If you live in an area with porcupines, you need to be aware of how dangerous they can be if you have a dog. You don’t have to live way out in the country for a porcupine to cross paths with your pooch. Removing porcupine quills is something that takes some knowledge to do correctly. You cannot just go and pull them out since they are barbed. Scout has researched how to remove porcupine quills from your dog and when to know when it is time to get your veterinarian involved.
North American Porcupine
If you live near a wooded area, your dog is at risk for meeting up with the North American Porcupine. The North American Porcupine has about 30,000 quills. Each quill boasts 700-800 barbs that could end up in your dog’s skin. This is why removing porcupine quills out of the skin isn’t as simple as giving it a pull with tweezers or needle-nosed pliers. The barbs latch into the small incisions in the skin, and can cause damage to your animal if you don’t proceed with caution.
Contrary to popular belief, the North American Porcupine cannot shoot quills; the dog must come in contact with the porcupine to experience the painful effects of this natural defense mechanism.
When You Should Always Go To The Vet
There are times when you should leave it to the professionals. Here are some guidelines for knowing when to get to the vet ASAP.
Amount of Quills and Proximity to Eyes
When dogs and porcupines come in contact with one another, it usually means the dog has jumped in face first. As such, it’s no surprise when they get a quill or two in their eye, mouth or nose. More than ten quills on a large dog mean you should get to a veterinary clinic right away. That many quills are extremely traumatic and an inexperienced person is going to take a long time to remove them, causing tissue damage if they don’t handle the barbs appropriately.
Porcupine quills in dogs can cause serious skin and tissue damage. If you cannot safely remove them from your dog because they are too agitated then you definitely need to go to the vet. At the veterinary clinic, your dog might be put under a general anesthesia, depending on the severity of the attack. At the very least, they will be given pain medication. Depending on the policy at your local animal medical center, your dog may have to wear a muzzle for the removal if they are extremely agitated. This experience will likely be upsetting for you both.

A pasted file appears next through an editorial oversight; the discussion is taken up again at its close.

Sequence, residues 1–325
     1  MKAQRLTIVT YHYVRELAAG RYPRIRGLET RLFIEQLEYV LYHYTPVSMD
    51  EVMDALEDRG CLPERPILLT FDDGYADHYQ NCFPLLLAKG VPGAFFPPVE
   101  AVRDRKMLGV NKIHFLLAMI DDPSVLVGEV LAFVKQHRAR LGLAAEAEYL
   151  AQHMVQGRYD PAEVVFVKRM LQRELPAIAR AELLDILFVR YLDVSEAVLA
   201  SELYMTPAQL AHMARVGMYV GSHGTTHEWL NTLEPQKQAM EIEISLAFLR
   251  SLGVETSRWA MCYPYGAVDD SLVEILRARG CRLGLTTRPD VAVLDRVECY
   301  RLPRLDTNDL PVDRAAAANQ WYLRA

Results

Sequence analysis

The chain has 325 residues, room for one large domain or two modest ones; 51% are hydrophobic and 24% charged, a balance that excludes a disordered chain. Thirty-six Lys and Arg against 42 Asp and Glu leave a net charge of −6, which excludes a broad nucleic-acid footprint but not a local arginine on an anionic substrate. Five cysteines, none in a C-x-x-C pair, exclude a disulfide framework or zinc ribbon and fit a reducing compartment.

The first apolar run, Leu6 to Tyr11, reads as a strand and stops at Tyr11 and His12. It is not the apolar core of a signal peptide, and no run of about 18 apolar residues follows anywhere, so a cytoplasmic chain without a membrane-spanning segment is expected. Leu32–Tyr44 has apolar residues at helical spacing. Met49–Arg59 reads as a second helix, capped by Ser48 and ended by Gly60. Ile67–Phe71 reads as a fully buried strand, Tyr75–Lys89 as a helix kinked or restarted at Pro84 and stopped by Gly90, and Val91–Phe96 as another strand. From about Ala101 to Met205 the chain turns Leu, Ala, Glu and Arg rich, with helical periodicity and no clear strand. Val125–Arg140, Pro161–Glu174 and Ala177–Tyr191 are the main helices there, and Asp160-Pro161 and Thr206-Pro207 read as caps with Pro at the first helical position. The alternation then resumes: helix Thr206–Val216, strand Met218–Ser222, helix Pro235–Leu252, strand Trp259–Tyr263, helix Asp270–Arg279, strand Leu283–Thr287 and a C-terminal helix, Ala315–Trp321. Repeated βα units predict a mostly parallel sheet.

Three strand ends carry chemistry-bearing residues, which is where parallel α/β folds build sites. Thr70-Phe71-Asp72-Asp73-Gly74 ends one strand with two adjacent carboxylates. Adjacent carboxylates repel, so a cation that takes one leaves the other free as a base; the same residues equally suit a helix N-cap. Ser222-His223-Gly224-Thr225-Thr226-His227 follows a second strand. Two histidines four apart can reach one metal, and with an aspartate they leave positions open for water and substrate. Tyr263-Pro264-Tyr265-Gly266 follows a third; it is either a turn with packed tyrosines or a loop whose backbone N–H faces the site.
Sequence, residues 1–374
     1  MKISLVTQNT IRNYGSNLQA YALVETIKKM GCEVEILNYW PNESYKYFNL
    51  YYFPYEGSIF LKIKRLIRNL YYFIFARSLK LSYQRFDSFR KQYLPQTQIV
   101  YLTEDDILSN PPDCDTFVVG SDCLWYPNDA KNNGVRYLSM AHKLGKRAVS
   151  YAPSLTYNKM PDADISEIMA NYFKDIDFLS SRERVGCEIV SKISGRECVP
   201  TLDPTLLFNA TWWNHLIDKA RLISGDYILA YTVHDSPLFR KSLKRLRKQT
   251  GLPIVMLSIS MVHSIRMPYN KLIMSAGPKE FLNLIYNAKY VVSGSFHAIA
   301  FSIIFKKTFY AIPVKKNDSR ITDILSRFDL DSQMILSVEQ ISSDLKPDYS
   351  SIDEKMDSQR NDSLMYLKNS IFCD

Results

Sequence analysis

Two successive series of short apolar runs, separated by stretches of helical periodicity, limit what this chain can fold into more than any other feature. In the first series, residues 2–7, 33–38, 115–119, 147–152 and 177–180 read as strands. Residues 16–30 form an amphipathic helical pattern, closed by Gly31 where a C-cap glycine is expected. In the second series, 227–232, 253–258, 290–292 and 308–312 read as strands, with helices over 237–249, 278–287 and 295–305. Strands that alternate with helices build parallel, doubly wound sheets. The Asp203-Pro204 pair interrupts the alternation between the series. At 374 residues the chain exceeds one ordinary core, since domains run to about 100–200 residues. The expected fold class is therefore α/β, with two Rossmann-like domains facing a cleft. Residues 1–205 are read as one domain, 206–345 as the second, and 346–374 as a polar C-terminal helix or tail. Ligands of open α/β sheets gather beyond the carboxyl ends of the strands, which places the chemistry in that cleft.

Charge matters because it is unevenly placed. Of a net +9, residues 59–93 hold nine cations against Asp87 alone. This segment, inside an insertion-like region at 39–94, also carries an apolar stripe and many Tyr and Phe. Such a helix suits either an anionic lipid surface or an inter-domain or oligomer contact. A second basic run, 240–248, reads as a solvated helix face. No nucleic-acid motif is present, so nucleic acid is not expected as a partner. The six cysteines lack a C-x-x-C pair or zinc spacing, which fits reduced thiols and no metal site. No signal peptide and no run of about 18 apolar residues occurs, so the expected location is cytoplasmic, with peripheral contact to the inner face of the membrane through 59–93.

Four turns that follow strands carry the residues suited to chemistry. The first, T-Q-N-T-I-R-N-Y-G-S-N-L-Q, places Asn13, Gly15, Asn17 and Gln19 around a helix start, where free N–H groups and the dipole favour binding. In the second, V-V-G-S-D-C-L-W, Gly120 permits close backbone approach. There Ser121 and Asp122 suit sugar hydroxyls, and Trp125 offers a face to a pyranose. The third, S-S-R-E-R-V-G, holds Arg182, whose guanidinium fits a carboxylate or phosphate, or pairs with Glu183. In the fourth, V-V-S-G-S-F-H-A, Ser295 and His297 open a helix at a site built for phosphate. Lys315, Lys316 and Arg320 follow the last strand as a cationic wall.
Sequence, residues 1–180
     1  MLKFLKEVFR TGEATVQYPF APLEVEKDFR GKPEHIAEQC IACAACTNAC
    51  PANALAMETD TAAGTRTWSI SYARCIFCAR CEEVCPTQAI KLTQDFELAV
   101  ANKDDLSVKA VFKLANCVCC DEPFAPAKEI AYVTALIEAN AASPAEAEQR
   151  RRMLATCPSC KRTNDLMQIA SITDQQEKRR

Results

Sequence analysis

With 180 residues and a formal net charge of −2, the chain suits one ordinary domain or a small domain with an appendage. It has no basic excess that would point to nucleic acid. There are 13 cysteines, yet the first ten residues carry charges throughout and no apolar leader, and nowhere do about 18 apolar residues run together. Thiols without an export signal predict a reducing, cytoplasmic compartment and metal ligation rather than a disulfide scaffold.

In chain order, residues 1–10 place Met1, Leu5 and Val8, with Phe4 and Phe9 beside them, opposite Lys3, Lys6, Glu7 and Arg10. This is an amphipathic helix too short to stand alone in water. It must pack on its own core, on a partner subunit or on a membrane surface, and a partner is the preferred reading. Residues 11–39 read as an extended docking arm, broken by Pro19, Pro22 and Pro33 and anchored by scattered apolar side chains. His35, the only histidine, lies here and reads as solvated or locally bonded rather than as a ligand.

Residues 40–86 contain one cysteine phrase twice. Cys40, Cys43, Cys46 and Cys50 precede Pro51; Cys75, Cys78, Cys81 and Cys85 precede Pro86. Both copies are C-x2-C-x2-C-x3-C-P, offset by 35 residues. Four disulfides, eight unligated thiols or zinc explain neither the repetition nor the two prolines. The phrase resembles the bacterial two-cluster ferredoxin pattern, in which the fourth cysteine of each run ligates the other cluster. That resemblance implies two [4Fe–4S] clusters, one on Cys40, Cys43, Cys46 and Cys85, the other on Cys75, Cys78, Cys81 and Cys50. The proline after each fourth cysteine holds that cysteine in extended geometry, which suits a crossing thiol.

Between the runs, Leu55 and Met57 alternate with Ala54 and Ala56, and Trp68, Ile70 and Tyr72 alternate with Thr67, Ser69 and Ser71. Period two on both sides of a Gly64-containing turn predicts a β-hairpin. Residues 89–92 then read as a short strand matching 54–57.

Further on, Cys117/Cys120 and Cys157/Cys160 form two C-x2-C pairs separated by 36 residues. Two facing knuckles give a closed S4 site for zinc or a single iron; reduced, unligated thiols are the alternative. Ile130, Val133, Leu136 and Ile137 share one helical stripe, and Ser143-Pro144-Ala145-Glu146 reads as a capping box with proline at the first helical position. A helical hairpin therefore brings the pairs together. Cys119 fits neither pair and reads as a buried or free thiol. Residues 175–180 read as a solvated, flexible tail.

Loss of Consciousness, Impaired Breathing or Major Swelling.
Take your dog to the nearest emergency animal medical center or hospital immediately if they experience any signs of losing consciousness, impaired breathing, or suffer from other conditions that could affect their ability to recover. If a needle has penetrated very deeply you will want to let a veterinarian remove it. It is rare that porcupine quills in dogs are deep enough in the body to hit vital organs, so try to remain calm.
Quills Lodged in Mouth and Throat
If quills have gone through your dog’s mouth, then they could be far enough back in their throat to make it impossible to drink or eat. If quills are deep then get to the vet right away! They may have to put your dog under general anesthesia for the removal process.
Removing Quills At Home
If you live too far from a veterinarian clinic or just have a few quills to remove, then it may be done at home. To remove quills, follow the guidelines and steps below.
Remember, never break or trim quills before removal. While it may seem like you are making them easier to remove and allowing them to deflate, you are actually making it more likely that you will break one off and leave fragments behind. When this occurs, infection is likely and abscesses could form, and the bits will have to be removed anyway.